I am holding a picture of him. He is sitting in his wheelchair and smiling at the camera. The smile appears forced, unsteady, seems to quaver, though it is frozen in silver nitrate. He is in his mid-sixties and looks eighty. Late in my junior year, he had a stroke and never came out of the resulting coma. After that, I would see him only in dreams, and to this day that is how I join him. Sometimes the dreams are sad and grisly and primal: my father lying in a bed soaked with his suppuration, holding me, rocking me. But sometimes the dreams bring him back to me healthy: him talking to me on an empty street, or buying some pictures to decorate our old house, or transformed somehow into someone strong and adept with tools and the physical.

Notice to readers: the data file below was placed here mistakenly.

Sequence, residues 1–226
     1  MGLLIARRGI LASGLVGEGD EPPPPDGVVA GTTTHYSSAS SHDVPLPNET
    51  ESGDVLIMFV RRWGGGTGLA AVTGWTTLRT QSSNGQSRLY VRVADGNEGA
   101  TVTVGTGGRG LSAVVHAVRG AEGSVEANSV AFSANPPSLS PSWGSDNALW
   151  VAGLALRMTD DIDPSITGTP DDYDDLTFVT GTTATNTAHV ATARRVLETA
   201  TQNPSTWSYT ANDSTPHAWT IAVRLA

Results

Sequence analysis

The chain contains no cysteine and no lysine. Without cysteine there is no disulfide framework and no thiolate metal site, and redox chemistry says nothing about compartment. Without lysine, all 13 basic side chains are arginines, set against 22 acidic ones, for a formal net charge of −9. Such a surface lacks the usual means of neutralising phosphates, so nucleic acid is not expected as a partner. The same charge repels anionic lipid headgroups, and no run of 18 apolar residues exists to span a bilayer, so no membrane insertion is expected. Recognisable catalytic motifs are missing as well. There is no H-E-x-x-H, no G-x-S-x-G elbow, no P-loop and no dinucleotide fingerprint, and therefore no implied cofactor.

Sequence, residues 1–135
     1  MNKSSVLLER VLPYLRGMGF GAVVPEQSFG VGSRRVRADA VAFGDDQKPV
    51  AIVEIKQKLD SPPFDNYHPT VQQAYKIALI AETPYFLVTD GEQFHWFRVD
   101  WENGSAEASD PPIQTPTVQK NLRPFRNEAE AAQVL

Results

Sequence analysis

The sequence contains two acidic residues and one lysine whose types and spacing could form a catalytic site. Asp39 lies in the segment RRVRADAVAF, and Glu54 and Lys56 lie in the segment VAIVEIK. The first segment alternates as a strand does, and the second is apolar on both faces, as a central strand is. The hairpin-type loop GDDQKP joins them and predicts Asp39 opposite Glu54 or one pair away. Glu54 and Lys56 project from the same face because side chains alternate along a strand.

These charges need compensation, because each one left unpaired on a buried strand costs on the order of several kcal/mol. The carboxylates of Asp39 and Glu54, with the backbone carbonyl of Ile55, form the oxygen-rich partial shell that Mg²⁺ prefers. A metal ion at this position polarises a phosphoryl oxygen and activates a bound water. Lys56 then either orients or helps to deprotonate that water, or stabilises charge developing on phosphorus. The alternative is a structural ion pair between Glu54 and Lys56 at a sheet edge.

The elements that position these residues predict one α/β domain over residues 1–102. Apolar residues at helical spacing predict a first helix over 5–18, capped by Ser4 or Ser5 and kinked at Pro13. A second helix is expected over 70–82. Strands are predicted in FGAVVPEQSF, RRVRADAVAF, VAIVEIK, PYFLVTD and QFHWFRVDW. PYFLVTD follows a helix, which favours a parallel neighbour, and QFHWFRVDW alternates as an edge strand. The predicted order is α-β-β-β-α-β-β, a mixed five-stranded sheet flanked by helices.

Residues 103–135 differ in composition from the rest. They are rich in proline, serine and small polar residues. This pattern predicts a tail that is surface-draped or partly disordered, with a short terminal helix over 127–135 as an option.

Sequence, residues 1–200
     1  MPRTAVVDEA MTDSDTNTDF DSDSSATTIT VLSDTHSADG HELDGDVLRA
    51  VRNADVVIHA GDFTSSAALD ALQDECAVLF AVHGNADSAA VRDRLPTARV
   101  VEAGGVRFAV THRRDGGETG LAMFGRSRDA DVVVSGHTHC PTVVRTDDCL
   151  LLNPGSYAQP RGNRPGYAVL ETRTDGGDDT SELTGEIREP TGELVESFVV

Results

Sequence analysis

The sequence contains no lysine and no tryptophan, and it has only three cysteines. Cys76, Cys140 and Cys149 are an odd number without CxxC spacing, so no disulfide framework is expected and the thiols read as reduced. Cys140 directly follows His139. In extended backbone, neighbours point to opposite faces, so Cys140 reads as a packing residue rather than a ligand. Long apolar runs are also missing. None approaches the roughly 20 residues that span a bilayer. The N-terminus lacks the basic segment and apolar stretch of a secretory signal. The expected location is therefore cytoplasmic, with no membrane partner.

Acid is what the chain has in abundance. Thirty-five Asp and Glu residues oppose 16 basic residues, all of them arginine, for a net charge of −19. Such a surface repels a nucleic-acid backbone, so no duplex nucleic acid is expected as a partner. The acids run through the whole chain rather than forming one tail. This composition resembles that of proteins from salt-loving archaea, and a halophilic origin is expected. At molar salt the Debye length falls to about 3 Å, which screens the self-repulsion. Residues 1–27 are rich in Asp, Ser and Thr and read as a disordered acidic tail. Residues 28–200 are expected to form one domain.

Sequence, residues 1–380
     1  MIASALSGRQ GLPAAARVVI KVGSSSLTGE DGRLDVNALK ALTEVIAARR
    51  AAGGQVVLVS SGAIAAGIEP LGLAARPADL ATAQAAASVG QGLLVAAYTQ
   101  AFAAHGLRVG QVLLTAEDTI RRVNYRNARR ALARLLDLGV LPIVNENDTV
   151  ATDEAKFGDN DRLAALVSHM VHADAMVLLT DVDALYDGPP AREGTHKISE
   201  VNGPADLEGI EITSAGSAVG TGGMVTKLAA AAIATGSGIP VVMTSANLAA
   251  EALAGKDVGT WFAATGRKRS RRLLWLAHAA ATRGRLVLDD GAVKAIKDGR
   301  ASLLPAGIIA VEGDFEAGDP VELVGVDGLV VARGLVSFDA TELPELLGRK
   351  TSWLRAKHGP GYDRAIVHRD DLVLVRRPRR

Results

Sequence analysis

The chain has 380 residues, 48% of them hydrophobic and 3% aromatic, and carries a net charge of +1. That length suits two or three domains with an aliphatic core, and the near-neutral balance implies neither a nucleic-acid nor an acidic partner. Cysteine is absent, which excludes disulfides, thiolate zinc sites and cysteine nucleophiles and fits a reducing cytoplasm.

Jack MacFarland couldn’t have come into my life at a better time. My father was dead, and I had logged up too many years of scholastic indiffer­ence. Mr. MacFarland had a master’s degree from Columbia and decided, at twenty-six, to find a little school and teach his heart out. He never took any credentialing courses, couldn’t bear to, he said, so he had to find em­ployment in a private system. He ended up at Our Lady of Mercy teaching five sections of senior English. He was a beatnik who was born too late. His teeth were stained, he tucked his sorry tie in between the third and fourth buttons of his shirt, and his pants were chronically wrinkled. At first, we couldn’t believe this guy, thought he slept in his car. But within no time, he had us so startled with work that we didn’t much worry about where he slept or if he slept at all. We wrote three or four essays a month. We read a book every two to three weeks, starting with the Iliad and ending up with Hemingway. He gave us a quiz on the reading every other day. He brought a prep school curriculum to Mercy High.